The news on Thursday that European Union antitrust regulators have launched an in-depth probe into Oracle’s $7.4 billion takeover of Sun Microsystems on competitive concerns was the worst outcome for the two firms as they are both left paralyzed for an indeterminate length of time.
The European Commission, the competition watchdog of the European Union, set a January 19, 2010 deadline for its decision, putting Oracle months behind its original plan for closing the deal.
In the meantime, Oracle (NASDAQ: ORCL) has an action plan for Sun (NASDAQ: JAVA) that it cannot put into motion, and Sun has no effective leadership to help defend its continued losses and defections of customers.
HP and especially IBM have been offering discounts and other incentives to steal away Sun customers since Oracle agreed to buy Sun in April. Between that, concerns about Oracle as the owner of Sun, and rumors Oracle would turn around and sell Sun’s hardware business, IBM and HP have not had to make a particularly hard sell.
“It certainly kills the value of it,” James Staten, senior analyst with Forrester, told InternetNews.com. “You just know that IBM, HP and Dell are frothing at the mouth. They’ve already stolen a significant chunk of their sales before the delay, now with this delay they are just going to go hog wild.”
Sun declined to comment, while Oracle only issued a statement acknowledging the EC investigation.
All because of MySQL
Sun walked away from a possible merger with IBM in April because it feared a protracted antitrust investigation by the U.S. Department of Justice, since the two firms were both in the hardware business. The DoJ signed off on the Oracle/Sun deal on August 20.
Now, the problem all stems from MySQL, an open source database worth about $300 million to Sun. For a giant like Oracle, that’s a small amount, but that’s what the EC is focused on in its investigation.
Scott Testa, professor of Business Administration at Cabrini College in Philadelphia, said that this kind of scrutiny really is not warranted.
“The acquisition of MySQL makes sense on the Oracle side because they’ve been losing some business to the open source market. So I can see where the EU says ‘hey, you’re acquiring a competitor that’s making in-roads to your space, we want to look more,’ but at the end of the day, it’s such a little part of the market it doesn’t make sense,” he told InternetNews.com.
Staten figures there will be a concession from Oracle to avoid dragging out the deal but thinks the EC is being short-sighted. “This is the problem that the EC and DoJ and any antitrust body doesn’t understand. They don’t know the market well enough. A big player taking out another big player in the same space does not make the market smaller. The market itself is more dynamic than that,” he said.
Oracle could kill off MySQL completely, and MySQL users would simply take the code, which is open source, and go their own way without Oracle, he said. If anything, they’d probably prefer it. There is already a MySQL code fork called Drizzle, insuring MySQL will live on.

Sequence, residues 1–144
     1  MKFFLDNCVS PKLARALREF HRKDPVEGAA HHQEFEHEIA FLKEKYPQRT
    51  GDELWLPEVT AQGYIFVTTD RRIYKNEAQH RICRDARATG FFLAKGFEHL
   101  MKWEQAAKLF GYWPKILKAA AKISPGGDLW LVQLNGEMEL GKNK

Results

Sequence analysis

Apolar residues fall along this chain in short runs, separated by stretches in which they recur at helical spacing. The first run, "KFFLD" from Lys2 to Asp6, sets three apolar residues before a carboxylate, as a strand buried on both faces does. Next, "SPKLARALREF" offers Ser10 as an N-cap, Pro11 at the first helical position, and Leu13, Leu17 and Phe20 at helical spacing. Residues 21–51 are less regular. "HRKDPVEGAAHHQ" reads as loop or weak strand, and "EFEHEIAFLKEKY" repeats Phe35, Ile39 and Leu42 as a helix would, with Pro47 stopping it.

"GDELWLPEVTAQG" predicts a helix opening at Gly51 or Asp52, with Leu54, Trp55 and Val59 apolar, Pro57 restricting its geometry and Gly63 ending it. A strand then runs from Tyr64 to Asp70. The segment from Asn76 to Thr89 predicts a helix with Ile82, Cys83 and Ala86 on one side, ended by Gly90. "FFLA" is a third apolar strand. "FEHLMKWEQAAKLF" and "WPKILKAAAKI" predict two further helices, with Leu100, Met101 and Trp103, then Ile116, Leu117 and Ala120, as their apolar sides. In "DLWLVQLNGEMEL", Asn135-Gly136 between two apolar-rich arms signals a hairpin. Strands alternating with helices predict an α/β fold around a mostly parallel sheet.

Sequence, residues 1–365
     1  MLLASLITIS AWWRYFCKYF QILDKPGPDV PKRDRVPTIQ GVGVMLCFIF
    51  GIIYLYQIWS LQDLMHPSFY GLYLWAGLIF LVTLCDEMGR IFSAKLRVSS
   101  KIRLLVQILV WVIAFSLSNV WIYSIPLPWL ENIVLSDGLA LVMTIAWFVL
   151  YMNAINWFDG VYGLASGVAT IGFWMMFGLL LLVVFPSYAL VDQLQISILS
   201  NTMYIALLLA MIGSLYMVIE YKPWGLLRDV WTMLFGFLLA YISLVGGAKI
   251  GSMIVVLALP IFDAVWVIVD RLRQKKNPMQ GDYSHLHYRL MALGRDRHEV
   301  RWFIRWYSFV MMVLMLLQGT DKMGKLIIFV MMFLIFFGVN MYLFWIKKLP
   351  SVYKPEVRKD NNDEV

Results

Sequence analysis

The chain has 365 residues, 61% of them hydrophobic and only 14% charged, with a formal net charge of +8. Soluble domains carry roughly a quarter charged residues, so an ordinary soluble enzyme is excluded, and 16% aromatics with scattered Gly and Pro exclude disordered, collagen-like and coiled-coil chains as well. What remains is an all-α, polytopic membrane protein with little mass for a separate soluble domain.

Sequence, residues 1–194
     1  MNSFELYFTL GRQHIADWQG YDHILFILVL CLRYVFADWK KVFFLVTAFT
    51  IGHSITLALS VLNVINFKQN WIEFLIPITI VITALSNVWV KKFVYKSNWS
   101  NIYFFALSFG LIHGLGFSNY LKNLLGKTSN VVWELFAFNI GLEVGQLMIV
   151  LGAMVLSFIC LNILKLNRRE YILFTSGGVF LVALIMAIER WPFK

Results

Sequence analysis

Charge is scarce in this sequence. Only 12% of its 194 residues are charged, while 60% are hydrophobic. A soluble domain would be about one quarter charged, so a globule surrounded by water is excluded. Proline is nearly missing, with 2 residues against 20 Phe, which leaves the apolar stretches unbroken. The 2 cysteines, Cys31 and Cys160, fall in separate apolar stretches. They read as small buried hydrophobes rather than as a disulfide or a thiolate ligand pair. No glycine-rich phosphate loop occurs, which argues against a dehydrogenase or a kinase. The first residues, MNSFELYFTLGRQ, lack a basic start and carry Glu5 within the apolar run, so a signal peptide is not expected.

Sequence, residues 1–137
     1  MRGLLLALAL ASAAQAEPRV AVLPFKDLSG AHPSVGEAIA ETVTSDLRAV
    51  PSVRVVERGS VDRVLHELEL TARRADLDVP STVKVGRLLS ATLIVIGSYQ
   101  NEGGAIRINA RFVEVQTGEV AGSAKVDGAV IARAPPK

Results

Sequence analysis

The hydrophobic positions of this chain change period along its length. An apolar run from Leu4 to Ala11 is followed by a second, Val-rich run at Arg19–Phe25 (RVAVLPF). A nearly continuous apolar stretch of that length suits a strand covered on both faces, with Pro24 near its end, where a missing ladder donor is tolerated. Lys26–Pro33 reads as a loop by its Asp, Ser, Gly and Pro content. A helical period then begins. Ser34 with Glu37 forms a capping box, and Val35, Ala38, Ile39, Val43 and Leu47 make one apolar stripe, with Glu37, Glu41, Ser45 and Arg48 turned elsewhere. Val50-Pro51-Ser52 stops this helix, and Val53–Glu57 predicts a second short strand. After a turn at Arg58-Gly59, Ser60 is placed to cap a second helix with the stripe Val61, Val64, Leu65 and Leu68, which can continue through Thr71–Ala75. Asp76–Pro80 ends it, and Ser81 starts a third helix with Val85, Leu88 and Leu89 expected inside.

Next page: Technological Darwinism
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Testa believes Oracle will keep MySQL. “Even though it’s a small piece of business, I think Oracle wants that MySQL business. They don’t want to have to sell it to someone. So it’s a weird thing. I guess I feel bad for Sun but that’s technological Darwinism. They stuck to Sparc and Solaris to the end of time. I feel bad but it is what it is,” he said.
Even though Sun hardware is taking the hits, Testa thinks the biggest value is, ironically enough, in Sun’s software assets. “Honestly, the most valuable assets at Sun are Java and MySQL, plus Solaris and some consulting stuff. But the hardware business? I don’t see a lot of value in that. The software stuff is where the value is,” he noted.
With the deal now dragging into the fifth month, it’s left Sun without a direction, not where you want to be with IBM and HP on your case.
“It’s tough because they were trying to close this deal fast,” said Staten. “Oracle’s already got an integration plan that’s in process. Sun’s sales team has said ‘let’s not worry about Q4 because we will be in someone else’s hands.’ I understand many Sun sales reps are working without a commission plan because they are waiting for one from Oracle.”
So Sun may have to take over and right the ship themselves if the deal does indeed drag on until January. Good luck getting them motivated, said Staten. Hardly anyone is doing their job these days, they are trying to find a new one.
“To a large degree, it’s almost too late. If I was told or got a glimpse of an org chart or heard rumors I’m not on the integration plan, why would I be motivated to do anything?” he said.
And then there’s Oracle. CEO Larry Ellison and his two wingmen, President Charles Phillips and CFO Safra Catz, can’t say anything publicly lest they kill confidence in themselves and their ability to make the deal work. But they better have a good answer come next month at the Oracle OpenWorld conference.
“I think there’s a fair amount of that panic internally at Oracle, but they are always the brave face,” said Staten. “The big question is what does [Ellison] say at OpenWorld? He and every single executive in Oracle will be facing these questions in the biggest forum possible because every single big customer will be there asking the same question. That will be uncomfortable times ten.”